The original story, Within Reach – Jon & Sarah’s Quest for Fun & Adventure, can be found at CanadasBestRVDeals.com (blog site for Leisure Time Sales).
As you can imagine, being a wheelchair user isn’t always easy. It can turn simple daily tasks into significant challenges, let alone participating in recreational activities such as camping that require much more effort…packing, setting up the tent, navigating uneven terrain, not having a convenient washroom, etc. I’ll say it, for most of my life I hated camping because it makes my life harder than it needs to be.
…until I met my wife. She grew up camping with her family and loves being out in nature and sleeping under the stars. Right from the start we compromised and I agreed to being dragged on one camping trip per summer. Luckily that arrangement involves the beautiful Kouchibouguac National Park in New Brunswick…with their accessible washrooms and trails, accessible cookhouses, and even accessible picnic tables if requested. If anyone with a mobility disability is going to enjoy camping, it’s there. After a few years I actually began to enjoy the camping experience, but the one downfall I couldn’t escape was tenting.
Setting up our tent from a sitting position can be difficult. It requires me to either transfer to the ground to help with the poles, or I simply do not have the height to help hook the fly on. This usually results in my wife doing most of the work. Not to mention the non-accessible related issues with tenting like being on the ground. Not only can it be cold and wet, but why are there always huge ant hills on the good tent spots? And have you ever tried to set up a tent in the rain? What a mess! There is nothing worse than setting up on damp muddy ground and having wet sleeping bags. Also I can’t shake the feeling of being more susceptible to wildlife, ranging from annoying to even dangerous. Oh and bugs. Like I said..camping isn’t always easy. We have tented for 10 years now and for the past few years we have played around with the idea of getting a trailer to get up off the ground.
We then faced another issue. Most of the trailers we saw were too high for me to get in and out of easily, so accessibility was difficult. The other issue is tow weight. Our vehicle cannot tow more than 1500 pounds. So we were left wondering: 1. do we upgrade our vehicle to be able to tow more? And 2. even if we can tow more the trailer would most likely be too high for me to access. Because of these concerns we continued tenting.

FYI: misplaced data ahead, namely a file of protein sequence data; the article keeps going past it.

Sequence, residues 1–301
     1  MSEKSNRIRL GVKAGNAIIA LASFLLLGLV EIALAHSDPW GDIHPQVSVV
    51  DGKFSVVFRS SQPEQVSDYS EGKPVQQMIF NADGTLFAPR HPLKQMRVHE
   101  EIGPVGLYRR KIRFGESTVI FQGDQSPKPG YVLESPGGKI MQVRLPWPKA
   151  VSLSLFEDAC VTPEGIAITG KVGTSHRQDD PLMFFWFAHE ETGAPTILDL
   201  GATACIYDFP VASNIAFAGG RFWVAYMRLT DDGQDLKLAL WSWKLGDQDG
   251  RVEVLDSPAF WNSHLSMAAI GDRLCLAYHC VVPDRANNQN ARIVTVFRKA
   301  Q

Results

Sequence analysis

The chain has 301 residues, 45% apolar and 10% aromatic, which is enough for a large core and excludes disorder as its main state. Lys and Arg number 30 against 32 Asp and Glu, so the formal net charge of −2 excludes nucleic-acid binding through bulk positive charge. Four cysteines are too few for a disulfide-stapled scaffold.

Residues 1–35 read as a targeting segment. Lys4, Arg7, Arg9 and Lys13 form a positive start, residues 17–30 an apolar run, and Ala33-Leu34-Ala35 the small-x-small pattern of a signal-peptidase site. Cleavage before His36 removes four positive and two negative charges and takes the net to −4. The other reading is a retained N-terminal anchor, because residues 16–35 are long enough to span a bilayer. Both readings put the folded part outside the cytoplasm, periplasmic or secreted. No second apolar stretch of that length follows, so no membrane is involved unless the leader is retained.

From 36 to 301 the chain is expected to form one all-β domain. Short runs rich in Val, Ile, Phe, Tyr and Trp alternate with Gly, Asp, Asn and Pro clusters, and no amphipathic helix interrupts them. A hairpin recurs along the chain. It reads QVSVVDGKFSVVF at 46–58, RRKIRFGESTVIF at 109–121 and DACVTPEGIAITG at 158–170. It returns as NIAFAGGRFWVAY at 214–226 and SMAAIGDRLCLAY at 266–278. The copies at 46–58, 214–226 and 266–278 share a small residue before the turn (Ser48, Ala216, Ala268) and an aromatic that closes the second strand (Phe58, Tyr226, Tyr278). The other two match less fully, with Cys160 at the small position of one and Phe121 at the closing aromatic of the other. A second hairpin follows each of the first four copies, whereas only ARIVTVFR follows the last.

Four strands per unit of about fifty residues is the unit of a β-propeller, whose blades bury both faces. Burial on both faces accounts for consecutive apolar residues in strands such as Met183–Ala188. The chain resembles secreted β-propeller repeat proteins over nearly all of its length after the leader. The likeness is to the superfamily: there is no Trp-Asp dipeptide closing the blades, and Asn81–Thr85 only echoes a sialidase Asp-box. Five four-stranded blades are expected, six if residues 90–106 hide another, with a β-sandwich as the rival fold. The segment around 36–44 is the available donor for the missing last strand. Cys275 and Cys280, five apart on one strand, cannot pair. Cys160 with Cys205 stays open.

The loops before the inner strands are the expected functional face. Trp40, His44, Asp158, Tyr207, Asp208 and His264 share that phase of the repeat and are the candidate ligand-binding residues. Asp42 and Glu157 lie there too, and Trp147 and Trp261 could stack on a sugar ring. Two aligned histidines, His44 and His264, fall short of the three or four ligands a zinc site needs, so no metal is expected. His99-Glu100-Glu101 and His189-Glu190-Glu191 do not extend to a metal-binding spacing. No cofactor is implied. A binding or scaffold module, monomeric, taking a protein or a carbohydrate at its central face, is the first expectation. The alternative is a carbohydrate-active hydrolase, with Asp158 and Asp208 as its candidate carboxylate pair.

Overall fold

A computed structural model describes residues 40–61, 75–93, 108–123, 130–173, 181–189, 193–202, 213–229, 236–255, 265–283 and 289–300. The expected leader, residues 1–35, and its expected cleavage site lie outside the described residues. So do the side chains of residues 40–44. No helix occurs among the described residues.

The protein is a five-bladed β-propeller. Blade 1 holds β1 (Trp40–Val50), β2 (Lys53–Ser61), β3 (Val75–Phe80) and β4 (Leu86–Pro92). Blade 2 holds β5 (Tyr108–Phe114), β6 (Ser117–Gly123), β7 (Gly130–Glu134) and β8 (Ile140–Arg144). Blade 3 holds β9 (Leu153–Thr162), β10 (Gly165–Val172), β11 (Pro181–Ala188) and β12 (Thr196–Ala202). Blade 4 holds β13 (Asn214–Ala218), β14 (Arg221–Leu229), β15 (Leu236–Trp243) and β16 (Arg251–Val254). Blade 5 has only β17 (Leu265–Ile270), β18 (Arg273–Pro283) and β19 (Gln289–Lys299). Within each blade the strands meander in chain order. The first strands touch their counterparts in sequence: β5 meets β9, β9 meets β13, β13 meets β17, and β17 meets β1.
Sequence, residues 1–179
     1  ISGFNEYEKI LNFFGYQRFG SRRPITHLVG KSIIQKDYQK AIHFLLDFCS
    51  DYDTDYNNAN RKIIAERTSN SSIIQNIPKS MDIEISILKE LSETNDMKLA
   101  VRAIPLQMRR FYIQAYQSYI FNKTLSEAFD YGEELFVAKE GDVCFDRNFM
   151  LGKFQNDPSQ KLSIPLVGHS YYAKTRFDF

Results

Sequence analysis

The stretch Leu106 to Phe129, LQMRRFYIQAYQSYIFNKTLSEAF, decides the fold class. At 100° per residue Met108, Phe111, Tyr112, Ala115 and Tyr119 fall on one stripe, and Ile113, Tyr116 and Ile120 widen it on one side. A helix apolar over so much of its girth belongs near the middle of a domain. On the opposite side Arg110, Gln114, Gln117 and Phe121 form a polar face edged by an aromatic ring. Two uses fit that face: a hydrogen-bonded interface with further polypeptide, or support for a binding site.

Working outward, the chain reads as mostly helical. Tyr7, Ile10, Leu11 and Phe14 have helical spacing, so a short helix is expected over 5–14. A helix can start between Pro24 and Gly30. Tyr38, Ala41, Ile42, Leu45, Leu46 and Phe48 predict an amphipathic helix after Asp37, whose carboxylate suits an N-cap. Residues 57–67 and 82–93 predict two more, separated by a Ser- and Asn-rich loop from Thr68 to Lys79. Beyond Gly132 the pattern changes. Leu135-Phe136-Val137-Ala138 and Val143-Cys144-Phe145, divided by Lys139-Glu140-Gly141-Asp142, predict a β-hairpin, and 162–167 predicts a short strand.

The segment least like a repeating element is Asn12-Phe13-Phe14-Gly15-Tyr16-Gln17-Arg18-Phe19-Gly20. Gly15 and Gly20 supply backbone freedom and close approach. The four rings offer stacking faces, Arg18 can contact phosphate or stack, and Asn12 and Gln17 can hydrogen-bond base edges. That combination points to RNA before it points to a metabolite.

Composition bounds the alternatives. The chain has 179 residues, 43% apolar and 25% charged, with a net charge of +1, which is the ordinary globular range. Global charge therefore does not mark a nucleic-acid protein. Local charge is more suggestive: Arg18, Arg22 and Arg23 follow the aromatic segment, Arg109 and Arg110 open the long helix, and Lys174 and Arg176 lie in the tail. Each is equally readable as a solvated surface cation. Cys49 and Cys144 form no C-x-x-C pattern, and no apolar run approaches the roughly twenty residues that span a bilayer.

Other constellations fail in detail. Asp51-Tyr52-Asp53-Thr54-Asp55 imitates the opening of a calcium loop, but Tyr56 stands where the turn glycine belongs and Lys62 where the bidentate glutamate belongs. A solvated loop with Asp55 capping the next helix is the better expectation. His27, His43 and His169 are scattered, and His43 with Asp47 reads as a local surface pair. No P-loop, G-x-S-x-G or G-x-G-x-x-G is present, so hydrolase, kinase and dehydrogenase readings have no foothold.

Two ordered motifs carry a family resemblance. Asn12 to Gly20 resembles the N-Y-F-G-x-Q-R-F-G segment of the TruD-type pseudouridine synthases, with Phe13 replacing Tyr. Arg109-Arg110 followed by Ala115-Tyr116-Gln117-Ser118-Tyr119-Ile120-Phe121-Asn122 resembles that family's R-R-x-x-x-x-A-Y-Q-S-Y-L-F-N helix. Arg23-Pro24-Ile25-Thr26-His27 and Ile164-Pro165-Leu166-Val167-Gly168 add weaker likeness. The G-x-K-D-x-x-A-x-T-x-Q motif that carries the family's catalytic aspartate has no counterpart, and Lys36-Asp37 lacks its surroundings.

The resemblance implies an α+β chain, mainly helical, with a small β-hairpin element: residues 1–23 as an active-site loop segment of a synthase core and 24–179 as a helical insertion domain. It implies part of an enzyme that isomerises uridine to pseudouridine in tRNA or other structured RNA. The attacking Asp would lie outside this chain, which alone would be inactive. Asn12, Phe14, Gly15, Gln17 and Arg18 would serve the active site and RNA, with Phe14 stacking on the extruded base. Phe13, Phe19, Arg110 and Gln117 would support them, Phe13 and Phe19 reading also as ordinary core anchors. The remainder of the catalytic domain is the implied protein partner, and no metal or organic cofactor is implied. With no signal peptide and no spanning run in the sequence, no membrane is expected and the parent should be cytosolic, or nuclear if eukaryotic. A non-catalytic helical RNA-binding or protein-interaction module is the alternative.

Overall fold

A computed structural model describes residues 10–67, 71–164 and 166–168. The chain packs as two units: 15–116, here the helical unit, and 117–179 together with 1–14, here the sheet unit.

Until one day recently when we came across the SylvanSport GO posted on the Leisure Time Facebook page. It was exactly what we were looking for…and didn’t even know existed! With a tow weight of roughly 800 pounds it checked one requirement from the list, but the big one was if I could get in and out okay. We went to look at it and were pleasantly surprised. Not only was it the perfect height for me to transfer into from my wheelchair, but everything was exactly at my level which meant I could help set it up! I was able to crank the top up, help pull out the sides, connect the fabric, and put the poles through. It was wonderful! My wife joked that now she could sit back with a cold brew while I did all the exterior work. For the first time I got the feeling that camping could be easier. We could be up off the ground, but not too high in a big RV, and have something we could tow easily. And a wonderful perk – the storage! Because of my wheelchair, and our big beautiful Bernese Mountain dog, space in our vehicle fills up fast when camping. Last summer, after all our gear was crammed in we didn’t even have room for our cooler! Since the SylvanSport GO is essentially a utility trailer as well, there is room for everything we will need while being out in nature….even kayaks if we want! And speaking of coolers…the GO’s storage compartment doubles as a cooler…how cool is that (pun intended!).
So me…the non-camper..is actually looking forward to next summer’s camping adventures. No more one-trip a summer for me…we’re already planning a trip to Cape Breton, PEI, and northern NB. We are so happy we found this gear-hauling coolest-camper ever…essentially the swiss-army knives of pop-up campers with it’s multi-uses. #HappyGOing.
Jon & Sarah
One thought on “GO Owner Stories: Jon & Sarah”
Can a ramp be added to the doorway for a non walking wheelchair user to get into the trailer and is the tent door opening wide enough?